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East Valley revamps programs to keep students on track

Change is in the wind at East Valley as the district launches a full menu of new initiatives and programs despite being in the midst of a lean budget year.

A new alternative middle school and teen parent program are taking shape in a converted church on Harvard Road called the Community Connections Center. High school teachers have completely revamped how they teach freshman math. A new pre-AP track for freshmen has been started at the high school for a pilot group of 30 students. The high school is also moving away from assigning detention and instead allowing students to perform community service.

The district is committed to offering everything from a standard education to homeschooling support. “Our goal is to fill in every point in that continuum,” said Superintendent John Glenewinkel, the architect of many of the changes.

The new teen parent program started with a handful of students at the beginning of the school year and recently hit 14. The program is designed for pregnant teens and teens who are already parents. Several students are from East Valley, but others were enrolled in Spokane Public Schools, Mead, West Valley and Central Valley districts before dropping out or transferring. The program supports the teens by providing free transportation and free baby-sitting while they’re in class.

Joslin McNeece, 17, is eight months pregnant. She was a student at East Valley High School before she dropped out and tried an online school. “It didn’t work out,” she said. “You don’t get any interaction.”

The teen parent program includes three online classes in the morning and students come to the Community Connections Center every afternoon for classes in parenting, child care, life school and child development. McNeece plans to graduate this year and attend Eastern Washington University. “I think I can do it,” she said. “I have enough support.”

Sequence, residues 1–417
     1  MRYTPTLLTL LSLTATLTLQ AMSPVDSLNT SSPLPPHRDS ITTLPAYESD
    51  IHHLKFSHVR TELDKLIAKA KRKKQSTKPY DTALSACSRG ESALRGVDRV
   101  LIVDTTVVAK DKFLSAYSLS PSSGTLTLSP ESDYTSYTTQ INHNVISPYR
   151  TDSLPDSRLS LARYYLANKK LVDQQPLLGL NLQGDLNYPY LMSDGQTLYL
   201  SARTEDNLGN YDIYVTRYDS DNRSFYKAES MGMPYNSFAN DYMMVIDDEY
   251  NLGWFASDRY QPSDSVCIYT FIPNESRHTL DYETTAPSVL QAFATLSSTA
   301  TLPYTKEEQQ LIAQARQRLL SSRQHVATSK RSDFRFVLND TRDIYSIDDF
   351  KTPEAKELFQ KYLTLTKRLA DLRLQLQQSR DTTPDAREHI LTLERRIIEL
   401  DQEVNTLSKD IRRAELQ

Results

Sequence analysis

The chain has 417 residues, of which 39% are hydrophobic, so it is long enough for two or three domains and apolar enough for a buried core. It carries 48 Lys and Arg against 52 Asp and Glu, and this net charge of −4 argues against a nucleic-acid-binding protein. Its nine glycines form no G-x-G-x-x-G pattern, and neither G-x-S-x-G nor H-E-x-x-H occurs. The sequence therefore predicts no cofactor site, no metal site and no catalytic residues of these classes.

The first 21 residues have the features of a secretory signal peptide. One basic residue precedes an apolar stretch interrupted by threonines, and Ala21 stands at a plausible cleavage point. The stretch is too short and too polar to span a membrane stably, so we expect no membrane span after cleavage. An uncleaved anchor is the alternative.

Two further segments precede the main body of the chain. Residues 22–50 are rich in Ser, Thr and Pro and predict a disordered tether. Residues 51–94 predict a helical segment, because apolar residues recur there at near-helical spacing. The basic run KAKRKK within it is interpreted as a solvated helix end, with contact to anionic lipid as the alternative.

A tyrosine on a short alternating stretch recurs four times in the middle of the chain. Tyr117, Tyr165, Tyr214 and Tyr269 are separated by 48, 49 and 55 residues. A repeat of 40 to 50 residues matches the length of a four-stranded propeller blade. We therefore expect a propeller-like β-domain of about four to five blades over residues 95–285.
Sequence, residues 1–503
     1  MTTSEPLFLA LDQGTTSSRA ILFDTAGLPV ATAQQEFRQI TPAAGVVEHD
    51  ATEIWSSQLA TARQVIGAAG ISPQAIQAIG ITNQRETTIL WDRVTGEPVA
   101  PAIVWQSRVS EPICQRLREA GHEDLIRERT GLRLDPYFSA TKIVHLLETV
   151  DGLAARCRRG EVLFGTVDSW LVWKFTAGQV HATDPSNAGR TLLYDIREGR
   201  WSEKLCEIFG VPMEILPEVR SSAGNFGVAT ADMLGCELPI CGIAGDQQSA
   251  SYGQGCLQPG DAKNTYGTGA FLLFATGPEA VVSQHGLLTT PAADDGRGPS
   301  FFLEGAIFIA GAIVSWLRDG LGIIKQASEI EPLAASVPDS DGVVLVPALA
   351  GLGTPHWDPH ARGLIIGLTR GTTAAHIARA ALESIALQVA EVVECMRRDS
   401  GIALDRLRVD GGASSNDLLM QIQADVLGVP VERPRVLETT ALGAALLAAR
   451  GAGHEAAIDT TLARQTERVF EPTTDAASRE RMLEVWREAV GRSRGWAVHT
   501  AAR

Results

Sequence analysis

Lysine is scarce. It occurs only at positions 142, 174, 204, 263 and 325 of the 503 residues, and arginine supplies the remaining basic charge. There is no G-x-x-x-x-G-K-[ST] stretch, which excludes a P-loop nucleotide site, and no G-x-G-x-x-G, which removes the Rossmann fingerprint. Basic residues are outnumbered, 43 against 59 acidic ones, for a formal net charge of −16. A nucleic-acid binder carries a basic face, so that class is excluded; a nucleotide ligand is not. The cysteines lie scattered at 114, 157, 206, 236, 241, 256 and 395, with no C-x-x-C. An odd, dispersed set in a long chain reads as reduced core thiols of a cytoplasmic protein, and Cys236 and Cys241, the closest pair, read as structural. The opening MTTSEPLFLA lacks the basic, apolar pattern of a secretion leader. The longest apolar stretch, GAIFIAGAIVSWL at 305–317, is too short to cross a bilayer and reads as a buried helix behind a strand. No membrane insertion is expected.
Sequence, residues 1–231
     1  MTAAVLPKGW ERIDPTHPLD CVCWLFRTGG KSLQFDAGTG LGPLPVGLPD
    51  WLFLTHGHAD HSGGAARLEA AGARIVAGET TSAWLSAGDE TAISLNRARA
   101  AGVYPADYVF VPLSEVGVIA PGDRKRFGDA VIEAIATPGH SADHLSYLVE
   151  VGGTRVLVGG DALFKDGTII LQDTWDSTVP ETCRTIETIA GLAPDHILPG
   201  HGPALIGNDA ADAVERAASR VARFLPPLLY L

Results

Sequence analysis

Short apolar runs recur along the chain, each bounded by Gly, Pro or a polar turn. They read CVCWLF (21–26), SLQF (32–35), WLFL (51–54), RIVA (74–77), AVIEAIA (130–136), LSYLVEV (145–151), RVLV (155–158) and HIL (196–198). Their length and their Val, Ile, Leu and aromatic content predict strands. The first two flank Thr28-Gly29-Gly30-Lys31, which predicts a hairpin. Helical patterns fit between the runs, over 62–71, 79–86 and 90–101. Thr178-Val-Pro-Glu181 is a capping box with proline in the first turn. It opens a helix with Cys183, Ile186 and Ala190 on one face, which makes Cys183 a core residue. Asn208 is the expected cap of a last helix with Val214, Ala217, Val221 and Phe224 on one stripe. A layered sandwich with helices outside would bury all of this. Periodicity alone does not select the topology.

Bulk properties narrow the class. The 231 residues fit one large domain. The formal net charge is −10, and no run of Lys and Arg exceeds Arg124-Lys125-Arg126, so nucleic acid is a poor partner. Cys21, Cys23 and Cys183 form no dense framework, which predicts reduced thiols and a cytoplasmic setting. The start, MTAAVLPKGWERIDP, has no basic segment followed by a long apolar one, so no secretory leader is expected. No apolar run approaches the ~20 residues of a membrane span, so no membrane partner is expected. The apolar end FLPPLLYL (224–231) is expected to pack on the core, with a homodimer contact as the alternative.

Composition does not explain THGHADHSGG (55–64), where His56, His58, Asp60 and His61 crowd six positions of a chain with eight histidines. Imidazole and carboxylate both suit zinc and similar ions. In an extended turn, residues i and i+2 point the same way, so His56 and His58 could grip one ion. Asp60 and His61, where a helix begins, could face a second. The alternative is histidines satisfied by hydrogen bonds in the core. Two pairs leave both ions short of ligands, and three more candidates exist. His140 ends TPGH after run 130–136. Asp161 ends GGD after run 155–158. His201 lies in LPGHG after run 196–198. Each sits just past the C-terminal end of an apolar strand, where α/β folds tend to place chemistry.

The biggest benefit of the program for Haley Lloyd, 18, is the free baby-sitting for her 3-year-old daughter Tatum while she attends classes. She dropped out of school her freshman year and then tried East Valley’s GED program last year without much success. She likes the new program, where staff monitors her progress and pushes her. “I get more help one on one,” she said. “I don’t have to stress about what to do with Tatum.”

Many districts have some form of alternative high school, but not many take that effort down to the middle school level. The district’s new alternative middle school program has only six students enrolled so far and is very selective. Most middle school students do fine with the traditional model but not all do, said Glenewinkel.

“A certain percentage of those kids, even though they have the ability, don’t perform,” he said. “If you follow those kids, you’ll find that those students are the ones who don’t succeed in high school.”

The high school is also making several changes in an effort to serve students’ needs. Recent poor performance on the math WASL has led to revamping freshman math. Usually, freshmen are enrolled in algebra and more advanced students can take geometry.